Editors Guild Expresses Concern About Court Gag Order
By IANS | Published: 17th January 2014 08:40 PM |
The Editors Guild of India has expressed serious concern about a high court gag order on coverage of allegations of sexual harassment against a former Supreme Court judge and called it a "mockery of the rule of law".
The Editors Guild of India said that it notes with serious concern the gag order issued by the Delhi High Court restraining all newspapers and media organisations from a complete and professional coverage of the allegations of sexual harassment made by a former intern against Justice Swatanter Kumar when he was a sitting judge of the Supreme Court.
"The order makes a mockery of the rule of law and the open and fair justice system by setting different and overly restrictive standards for the coverage of such allegations against judges," said a statement.
The Delhi High Court Thursday restrained the media from further publishing or telecasting allegations of sexual harassment against former Supreme Court judge Swatanter Kumar by a former law intern. The media was directed to limit reporting to court orders only.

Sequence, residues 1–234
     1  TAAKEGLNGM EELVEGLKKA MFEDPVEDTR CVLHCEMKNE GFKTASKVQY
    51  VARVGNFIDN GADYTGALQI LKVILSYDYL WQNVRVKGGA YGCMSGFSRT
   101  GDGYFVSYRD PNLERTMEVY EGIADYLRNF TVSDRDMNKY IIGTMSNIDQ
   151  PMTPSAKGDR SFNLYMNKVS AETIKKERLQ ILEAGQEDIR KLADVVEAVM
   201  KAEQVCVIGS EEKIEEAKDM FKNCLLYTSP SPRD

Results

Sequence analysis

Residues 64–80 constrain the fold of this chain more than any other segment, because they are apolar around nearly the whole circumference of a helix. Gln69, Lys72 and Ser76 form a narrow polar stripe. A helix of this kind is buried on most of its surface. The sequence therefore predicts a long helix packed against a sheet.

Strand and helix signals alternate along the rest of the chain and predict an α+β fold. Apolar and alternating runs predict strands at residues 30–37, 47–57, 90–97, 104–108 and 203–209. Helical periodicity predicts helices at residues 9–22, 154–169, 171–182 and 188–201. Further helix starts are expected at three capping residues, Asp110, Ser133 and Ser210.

The guild said "it is strange that a high court should pass such a restraining order in relation to the coverage of the contents of an affidavit submitted to the Chief Justice of India even when the Supreme Court is seized of the matter".
The group of top editors said that in the context of the current national debate on protecting women against sexual harassment, "cases of this type raise important public issues of how to facilitate and deal with complaints by harassed women who may feel intimidated even while protecting reputations in the face of possible baseless and vexatious allegations".
"Complete and fair professional coverage of the case without critical information being held back from the public is vital for an informed debate," it added.
The guild went on to say that several cases of sexual harassment and offences are reported across the country routinely with no prejudice to either the accused or to the judicial process, and to "single out judges for special protection is invidious".